Laguna museum hopes to beg or buy 18 paintings OCMA sold privately
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It’s not an art world whodunit, but a whoboughtit.
As in, who’s the private collector who dealers specializing in early 20th Century California Impressionist paintings say got a fabulous buy on 18 pieces that the Orange County Museum of Art sold in March because the museum no longer shows and collects works from that period?
And who should Bolton Colburn, director of the Laguna Art Museum, which does show and collect what’s often also called plein air painting, call to beg or dicker with? Colburn said Monday that he still hopes to secure the return of the cache of paintings to the Laguna museum, which he sees as the works’ historically, aesthetically and spiritually proper repository.
‘There are not that many people who could have bought it,’ Colburn said, based on OCMA director Dennis Szakacs’ revelation that the buyer, whom OCMA promised anonymity, is someone in Laguna Beach who has championed plein air painting and has a track record of loaning art to museums. ‘There are three or four individuals we know about, although there are always people with wherewithal ... who are under the radar.’
Whether by radar, sonar, bloodhound or an introduction from Szakacs -- whom Colburn and another Orange County museum director, Jean Stern of the Irvine Museum, have criticized for OCMA’s decision to sell the works quietly and privately without giving their institutions a chance to bid -- Colburn knows what he wants to say to the owner of the trove that includes two much-coveted paintings: William Wendt’s ‘Spring in the Canyon’ and Granville Redmond’s ‘Silver and Gold.’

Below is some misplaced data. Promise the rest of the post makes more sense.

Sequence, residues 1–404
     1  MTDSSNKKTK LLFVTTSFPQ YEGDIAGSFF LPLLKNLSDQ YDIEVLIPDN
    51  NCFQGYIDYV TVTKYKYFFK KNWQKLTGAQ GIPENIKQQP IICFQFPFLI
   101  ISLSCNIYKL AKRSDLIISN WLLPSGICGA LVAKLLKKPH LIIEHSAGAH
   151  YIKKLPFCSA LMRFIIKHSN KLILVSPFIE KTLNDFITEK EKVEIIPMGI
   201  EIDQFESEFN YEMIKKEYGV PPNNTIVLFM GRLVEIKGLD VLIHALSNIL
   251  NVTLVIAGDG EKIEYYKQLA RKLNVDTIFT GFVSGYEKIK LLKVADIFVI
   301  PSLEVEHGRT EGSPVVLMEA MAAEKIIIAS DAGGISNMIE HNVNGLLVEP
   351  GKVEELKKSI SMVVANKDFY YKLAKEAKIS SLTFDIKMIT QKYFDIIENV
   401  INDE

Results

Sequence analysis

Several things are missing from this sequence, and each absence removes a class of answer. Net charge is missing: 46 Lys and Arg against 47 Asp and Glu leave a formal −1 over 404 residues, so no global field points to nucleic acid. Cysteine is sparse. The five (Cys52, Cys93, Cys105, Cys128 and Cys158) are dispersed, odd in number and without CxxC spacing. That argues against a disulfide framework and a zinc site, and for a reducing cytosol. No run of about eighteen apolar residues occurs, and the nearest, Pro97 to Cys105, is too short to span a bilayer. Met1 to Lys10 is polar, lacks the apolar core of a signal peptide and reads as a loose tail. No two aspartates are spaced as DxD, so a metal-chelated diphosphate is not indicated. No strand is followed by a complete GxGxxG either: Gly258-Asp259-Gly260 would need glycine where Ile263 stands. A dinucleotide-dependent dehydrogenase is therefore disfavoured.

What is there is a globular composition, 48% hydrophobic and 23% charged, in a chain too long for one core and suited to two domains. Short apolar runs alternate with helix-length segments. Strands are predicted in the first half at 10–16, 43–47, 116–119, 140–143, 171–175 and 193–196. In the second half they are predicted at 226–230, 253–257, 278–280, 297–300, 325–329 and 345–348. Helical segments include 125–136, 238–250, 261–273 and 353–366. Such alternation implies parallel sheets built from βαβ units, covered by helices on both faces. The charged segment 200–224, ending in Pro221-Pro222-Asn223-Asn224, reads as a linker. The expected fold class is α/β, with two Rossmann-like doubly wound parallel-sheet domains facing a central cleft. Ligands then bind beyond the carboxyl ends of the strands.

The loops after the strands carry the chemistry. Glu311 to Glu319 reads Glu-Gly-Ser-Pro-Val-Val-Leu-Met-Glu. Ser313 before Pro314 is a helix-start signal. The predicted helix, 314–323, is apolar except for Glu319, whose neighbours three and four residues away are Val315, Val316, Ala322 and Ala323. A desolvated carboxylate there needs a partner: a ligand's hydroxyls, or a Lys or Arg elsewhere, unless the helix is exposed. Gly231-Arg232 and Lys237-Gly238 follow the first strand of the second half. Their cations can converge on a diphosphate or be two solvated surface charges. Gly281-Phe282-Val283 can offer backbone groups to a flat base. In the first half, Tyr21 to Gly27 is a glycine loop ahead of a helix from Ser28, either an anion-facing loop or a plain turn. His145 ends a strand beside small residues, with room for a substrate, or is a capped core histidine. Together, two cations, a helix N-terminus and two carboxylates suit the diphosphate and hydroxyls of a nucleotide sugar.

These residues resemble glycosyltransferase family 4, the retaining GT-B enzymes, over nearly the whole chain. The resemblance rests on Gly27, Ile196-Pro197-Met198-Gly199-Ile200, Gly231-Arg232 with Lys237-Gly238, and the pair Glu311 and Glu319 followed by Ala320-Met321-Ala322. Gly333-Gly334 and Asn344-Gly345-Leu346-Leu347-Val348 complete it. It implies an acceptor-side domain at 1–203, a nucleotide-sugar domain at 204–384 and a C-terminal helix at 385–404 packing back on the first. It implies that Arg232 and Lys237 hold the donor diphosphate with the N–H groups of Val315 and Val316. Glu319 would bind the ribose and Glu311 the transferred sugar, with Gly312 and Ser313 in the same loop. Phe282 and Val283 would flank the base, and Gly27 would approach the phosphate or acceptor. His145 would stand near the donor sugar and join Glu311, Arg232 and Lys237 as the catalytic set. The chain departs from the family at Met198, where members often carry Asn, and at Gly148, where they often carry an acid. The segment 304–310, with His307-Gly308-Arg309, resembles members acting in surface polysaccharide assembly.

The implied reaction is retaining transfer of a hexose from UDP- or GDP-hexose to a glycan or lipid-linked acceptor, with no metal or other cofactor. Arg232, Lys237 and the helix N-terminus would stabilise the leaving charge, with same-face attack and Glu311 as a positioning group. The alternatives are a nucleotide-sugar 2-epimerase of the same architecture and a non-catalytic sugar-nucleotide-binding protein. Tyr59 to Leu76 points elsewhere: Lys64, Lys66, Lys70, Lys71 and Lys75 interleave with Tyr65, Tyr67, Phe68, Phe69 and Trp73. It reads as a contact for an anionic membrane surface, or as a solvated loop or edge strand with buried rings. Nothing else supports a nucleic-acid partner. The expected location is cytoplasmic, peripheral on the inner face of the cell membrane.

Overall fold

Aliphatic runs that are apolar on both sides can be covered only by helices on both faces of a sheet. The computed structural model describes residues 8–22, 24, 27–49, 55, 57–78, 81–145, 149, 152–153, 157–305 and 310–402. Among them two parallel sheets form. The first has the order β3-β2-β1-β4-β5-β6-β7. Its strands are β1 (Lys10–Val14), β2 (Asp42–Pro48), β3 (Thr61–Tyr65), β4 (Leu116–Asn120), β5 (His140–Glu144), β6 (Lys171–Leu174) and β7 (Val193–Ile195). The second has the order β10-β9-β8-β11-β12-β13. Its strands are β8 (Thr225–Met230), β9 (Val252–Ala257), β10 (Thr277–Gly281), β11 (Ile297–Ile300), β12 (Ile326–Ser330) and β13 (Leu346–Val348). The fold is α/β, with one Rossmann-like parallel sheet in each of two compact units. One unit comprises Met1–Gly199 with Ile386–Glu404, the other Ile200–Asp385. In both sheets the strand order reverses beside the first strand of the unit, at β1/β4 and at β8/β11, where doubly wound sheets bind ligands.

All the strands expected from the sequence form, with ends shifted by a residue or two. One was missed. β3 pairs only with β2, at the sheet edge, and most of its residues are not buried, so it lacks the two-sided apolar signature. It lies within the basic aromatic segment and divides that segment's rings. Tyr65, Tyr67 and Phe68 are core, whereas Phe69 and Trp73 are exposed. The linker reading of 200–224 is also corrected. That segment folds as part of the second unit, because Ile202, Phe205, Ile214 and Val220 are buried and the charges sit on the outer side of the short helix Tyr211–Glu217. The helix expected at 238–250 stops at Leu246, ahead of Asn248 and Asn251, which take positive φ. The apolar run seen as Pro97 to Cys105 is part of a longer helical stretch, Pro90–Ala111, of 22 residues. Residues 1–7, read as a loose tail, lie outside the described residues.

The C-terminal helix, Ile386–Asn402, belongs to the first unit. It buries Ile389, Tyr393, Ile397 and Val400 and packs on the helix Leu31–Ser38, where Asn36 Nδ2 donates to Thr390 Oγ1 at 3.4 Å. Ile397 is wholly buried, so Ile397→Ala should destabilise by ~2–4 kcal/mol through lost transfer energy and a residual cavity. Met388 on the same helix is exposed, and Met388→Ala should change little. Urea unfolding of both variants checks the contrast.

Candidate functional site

‘I would just say, `Would you consider giving these things to the museum?’' Colburn said, envisioning a philanthropic response to his argument that they were in the Laguna museum’s collection for many years, donated by the artists or their friends and heirs, and that, in some cases, including ‘Spring in the Canyon,’ they depict scenes of Laguna Beach.
Plan B would involve cash, on the order of $1 million. ‘The second appeal,’ Colburn said, ‘would be, ‘Geez, if we could rake together the money, would you sell for what they were purchased for?’ There are a few deep pockets who could put in money. The whole town could get involved, believe me.’
Whitney Ganz, director of William A. Karges Fine Art in L.A., contacted The Times on Monday, adding his voice to those astonished that OCMA let the 18 works go for $963,000, when the two star attractions alone, in their opinion, should have fetched $1.5 million or more. ‘The prices they brought are ridiculously low,’ Ganz said. He noted that a smaller, lesser Redmond, showing poppies growing by a lake, brought $542,000 at an April auction at Bonhams & Butterfields in L.A. ‘It’s a very nice painting, but the one OCMA sold is an icon, a major, major painting.’ Like Colburn and L.A. dealer George Stern (brother of the Irvine Museum director), Ganz thinks an auction of ‘Silver and Gold’ alone could have yielded more than OCMA received for all 18 paintings, and that several others in the group were worth $100,000 or more.